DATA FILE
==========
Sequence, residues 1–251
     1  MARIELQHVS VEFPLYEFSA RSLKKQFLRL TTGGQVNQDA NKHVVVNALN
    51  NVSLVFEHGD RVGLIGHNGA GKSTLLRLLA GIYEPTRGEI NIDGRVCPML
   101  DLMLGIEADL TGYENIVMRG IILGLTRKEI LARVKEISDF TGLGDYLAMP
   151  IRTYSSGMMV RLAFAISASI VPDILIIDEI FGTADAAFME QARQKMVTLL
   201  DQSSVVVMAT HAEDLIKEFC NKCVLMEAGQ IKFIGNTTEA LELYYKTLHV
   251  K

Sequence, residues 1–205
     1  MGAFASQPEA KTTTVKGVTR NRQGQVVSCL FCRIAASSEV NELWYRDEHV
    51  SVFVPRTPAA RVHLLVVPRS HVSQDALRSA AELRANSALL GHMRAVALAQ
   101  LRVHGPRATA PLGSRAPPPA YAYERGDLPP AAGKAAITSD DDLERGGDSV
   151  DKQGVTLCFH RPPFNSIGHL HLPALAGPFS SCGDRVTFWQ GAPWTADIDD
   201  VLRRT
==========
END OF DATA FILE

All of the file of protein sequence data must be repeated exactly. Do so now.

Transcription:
Sequence, residues 1–251
     1  MARIELQHVS VEFPLYEFSA RSLKKQFLRL TTGGQVNQDA NKHVVVNALN
    51  NVSLVFEHGD RVGLIGHNGA GKSTLLRLLA GIYEPTRGEI NIDGRVCPML
   101  DLMLGIEADL TGYENIVMRG IILGLTRKEI LARVKEISDF TGLGDYLAMP
   151  IRTYSSGMMV RLAFAISASI VPDILIIDEI FGTADAAFME QARQKMVTLL
   201  DQSSVVVMAT HAEDLIKEFC NKCVLMEAGQ IKFIGNTTEA LELYYKTLHV
   251  K

Sequence, residues 1–205
     1  MGAFASQPEA KTTTVKGVTR NRQGQVVSCL FCRIAASSEV NELWYRDEHV
    51  SVFVPRTPAA RVHLLVVPRS HVSQDALRSA AELRANSALL GHMRAVALAQ
   101  LRVHGPRATA PLGSRAPPPA YAYERGDLPP AAGKAAITSD DDLERGGDSV
   151  DKQGVTLCFH RPPFNSIGHL HLPALAGPFS SCGDRVTFWQ GAPWTADIDD
   201  VLRRT